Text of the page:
IN the event, it was an ignominious affair with even Franco’s staunchest supporters in short supply.
What had been billed as a momentous occasion – something of a seminal turning point in Spain’s traumatic history – turned out to be a distinct anti-climax.
With more of a whimper than a bang, the former dictator’s remains were finally unearthed from their burial place under the basilica at the Valley of the Fallen and taken somewhat unceremoniously by helicopter to their new location, also near Madrid.
Without any of the pomp and circumstance of his first send-off almost 44 years ago, Francisco Franco was reinterred at Mingorrubio-el Pardo cemetery next to his wife, Carmen Polo.
The low-key transfer took place in front of just a handful of supporters and family and with only two members of the Franco clan allowed to see his actual digging up.
The family had fought tooth and nail with Pedro Sanchez’s socialist government for years to keep their grandfather’s embalmed body in the basilica next to his far-right Falangist hero, Jose Antonio Prima de Rivera.
But therein lay the problem – their bodies were in the vicinity of some 30,000 victims of the Spanish Civil War (many actually killed by Franco’s troops), for whom the monument was actually built.
The press and a handful of Franco diehards gathered at the entrance to the monument, built 40 kilometres north of Madrid, as the two family members watched the exhumation being carried out several kilometres away beneath the towering 150-metre high cross.
After being searched for recording devices, they stood within the screened-off area around Franco’s tomb along with Spain’s Minister of Justice Dolores Delgado, a forensic scientist and several other officials to record the historic event.
As we watched, alongside me there were murmurings of indignation and rage.
“The fact they have closed the basilica for two weeks and not allowed the faithful in to pray is an attack on Christianity and religious freedom,” Estefania Aguirre, 34, told me, adding that she was a personal friend of the Valley’s Benedictine Prior, Santiago Cantera, who fought along with the family against exhuming Franco’s remains.
“I think the whole exhumation has breached Church and State relations and we’re going to see more and more attacks against religious liberty in Spain.”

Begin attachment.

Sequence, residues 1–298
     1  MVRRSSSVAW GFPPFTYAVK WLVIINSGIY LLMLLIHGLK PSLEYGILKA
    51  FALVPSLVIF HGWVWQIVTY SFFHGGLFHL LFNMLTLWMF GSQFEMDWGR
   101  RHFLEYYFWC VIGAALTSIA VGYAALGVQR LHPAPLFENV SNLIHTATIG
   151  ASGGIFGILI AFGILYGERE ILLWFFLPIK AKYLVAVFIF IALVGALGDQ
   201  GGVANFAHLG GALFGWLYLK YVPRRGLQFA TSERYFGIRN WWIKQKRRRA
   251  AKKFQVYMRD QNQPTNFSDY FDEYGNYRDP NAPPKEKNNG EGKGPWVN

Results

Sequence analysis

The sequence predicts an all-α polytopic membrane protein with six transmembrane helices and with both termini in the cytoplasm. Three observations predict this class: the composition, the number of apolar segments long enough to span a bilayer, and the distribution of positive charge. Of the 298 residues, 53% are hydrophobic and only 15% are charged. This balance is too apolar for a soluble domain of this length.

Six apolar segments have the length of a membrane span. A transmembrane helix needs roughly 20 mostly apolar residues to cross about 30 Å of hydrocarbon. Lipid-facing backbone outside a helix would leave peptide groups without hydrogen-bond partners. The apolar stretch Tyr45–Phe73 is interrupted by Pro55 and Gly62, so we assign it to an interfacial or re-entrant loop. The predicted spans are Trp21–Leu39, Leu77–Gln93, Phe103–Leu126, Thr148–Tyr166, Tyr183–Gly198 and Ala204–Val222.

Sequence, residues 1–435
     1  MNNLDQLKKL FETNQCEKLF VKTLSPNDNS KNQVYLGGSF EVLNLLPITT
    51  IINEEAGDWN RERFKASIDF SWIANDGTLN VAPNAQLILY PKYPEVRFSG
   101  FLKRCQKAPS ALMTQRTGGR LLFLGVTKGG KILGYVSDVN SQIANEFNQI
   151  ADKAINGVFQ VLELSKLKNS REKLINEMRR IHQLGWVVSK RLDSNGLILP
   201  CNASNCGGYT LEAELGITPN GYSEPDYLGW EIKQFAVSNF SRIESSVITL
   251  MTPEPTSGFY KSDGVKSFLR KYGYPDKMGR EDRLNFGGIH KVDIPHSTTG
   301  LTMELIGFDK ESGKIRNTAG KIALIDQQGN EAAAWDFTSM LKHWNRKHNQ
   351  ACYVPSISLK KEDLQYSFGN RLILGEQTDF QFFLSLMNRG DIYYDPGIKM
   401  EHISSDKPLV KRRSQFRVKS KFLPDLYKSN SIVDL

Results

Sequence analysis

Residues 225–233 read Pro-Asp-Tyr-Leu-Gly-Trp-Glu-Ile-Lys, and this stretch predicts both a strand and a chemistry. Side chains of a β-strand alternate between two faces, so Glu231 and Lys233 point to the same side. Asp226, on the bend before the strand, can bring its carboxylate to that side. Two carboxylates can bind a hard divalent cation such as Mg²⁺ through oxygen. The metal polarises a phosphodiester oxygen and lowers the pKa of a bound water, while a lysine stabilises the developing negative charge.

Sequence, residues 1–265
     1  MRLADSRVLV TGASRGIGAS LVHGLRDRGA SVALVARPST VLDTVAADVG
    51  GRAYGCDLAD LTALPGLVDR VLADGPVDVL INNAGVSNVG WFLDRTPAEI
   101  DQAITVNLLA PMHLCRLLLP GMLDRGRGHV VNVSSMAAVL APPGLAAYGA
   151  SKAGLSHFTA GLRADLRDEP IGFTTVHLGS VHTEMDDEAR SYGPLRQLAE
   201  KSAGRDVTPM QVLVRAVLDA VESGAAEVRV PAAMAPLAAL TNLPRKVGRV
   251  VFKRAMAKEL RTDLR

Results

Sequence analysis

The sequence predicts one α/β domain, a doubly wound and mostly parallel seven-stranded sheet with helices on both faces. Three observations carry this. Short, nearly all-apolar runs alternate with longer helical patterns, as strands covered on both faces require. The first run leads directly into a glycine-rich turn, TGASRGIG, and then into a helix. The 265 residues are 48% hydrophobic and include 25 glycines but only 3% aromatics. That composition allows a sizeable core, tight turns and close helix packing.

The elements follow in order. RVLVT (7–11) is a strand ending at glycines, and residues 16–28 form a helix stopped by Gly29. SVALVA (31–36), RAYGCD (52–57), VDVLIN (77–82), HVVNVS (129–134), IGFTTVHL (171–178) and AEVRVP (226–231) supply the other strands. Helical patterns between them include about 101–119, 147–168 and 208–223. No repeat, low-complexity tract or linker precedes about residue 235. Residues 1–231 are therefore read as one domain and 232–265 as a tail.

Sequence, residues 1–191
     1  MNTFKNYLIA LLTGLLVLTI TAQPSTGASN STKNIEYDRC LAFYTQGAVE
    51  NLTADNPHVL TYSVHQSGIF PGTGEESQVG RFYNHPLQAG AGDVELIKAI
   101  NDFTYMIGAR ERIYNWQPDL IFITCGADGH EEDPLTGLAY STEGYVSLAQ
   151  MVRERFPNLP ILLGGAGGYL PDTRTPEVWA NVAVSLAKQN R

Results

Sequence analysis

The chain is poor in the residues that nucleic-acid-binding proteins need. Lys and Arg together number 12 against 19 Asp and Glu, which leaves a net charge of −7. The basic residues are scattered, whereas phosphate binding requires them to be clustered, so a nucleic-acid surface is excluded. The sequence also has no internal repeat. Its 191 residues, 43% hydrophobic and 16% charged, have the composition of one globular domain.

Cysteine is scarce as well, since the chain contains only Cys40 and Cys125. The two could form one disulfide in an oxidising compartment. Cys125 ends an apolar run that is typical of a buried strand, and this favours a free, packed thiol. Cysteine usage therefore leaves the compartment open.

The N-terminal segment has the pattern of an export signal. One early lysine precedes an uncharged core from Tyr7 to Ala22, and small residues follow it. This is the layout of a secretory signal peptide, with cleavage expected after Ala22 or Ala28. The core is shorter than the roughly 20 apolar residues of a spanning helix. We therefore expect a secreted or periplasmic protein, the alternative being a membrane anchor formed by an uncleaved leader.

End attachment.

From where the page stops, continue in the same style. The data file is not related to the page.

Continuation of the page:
Her Barcelona-born mother Laura Wachter, brandishing a banner printed with the words ‘Estado Dictatorial’, likened it to the actions of a dictatorship.
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“This is North Korea,” she said repeatedly. “It’s very sad that Spaniards are being pitted against one another when there are many more important issues to tend to.”
In another huddle the most vocal member, Pilar Gutierrez, who also happens to be a psychologist, was entertaining the press with her views.
“Some 8,000 people were killed just for being Catholic during the war and this is what this Government wants to bring back,” she railed.
“You can only expect the worst from the Socialists.”
Taking an equally strong line was a former member of Spain’s army, who came sporting his green beret.
“We are here to show our loyalty to our leader,” Lorenzo Fernandez Navarro, 69, told me. “When Franco died, I was a lieutenant in the Sahara. We swore to respect and obey our leaders. And always means always, whether they are alive or dead. We have come here to comply with our oath that this Government has insulted.”
Less vociferous was his colleague Adolfo Coloma, 66, who explained: “More than being about one side or the other, the monument stood for reconciliation.
“Franco will be desiccated like an Egyptian mummy; dry and hardened but with all his organs”
“We have managed to overcome the divisions in Spain. To speak now about who killed more people is bad news.”
Judging by how long it took before Franco’s body was raised heavenward by military helicopter, excavating the Caudillo was no easy feat.
Heavy machinery, including a forklift truck, rollers and a crane, had been on standby since October 11 and trundled into action at 10.30 am on the morning of October 24 to lift the 1,500 kilos of granite that covered the tomb.
Once the flagstone was removed, there was reportedly a layer of lead and cement to get through before the coffin could be lifted out.
Inside, Franco’s body was sealed in zinc which would have preserved it perfectly, according to Dr Antonio Piga, one of the forensics who embalmed the dictator on his death.
“The tomb will be dry and the body in perfect condition,” he insisted. “Franco will be desiccated like an Egyptian mummy; dry and hardened but with all his organs.”
Curiously though, there was no Spanish flag draped on the coffin as it was borne away on the shoulders of the family who had, by then, been waiting over two hours to receive it.
No doubt it was a bitter moment; a year ago, they called the exhumation ‘an act of retrospective revenge without precedent in the civilised world’.
Now, Europe’s last monument to a fascist dictator had finally morphed into something else.
After a 15-minute flight to Mingorrubio, just 50 kilometres away, the helicopter landed within the Royal Guard’s old firing range where 22 family members were waiting to follow the Caudillo’s body in a cortege towards the cemetery.
Security was tight. The gathering had been planned by the Franco Foundation ‘to pray for the soul of Francisco Franco Bahamonde’ and lay flowers on his tomb; but this was banned by the government the day before on the grounds it posed a risk to public order.
Reduced in size to include mainly family, the subsequent funeral was conducted in the cemetery’s Pantheon by Prior Santiago Cantera and, intriguingly, Ramón Tejero, the son of Lieutenant Colonel Antonio Tejero who infamously led 200 members of the Civil Guard in an attempted coup on February 23, 1981.
Spain’s national newspaper El País described the exhumation as Pedro Sanchez’s ‘most symbolic achievement’.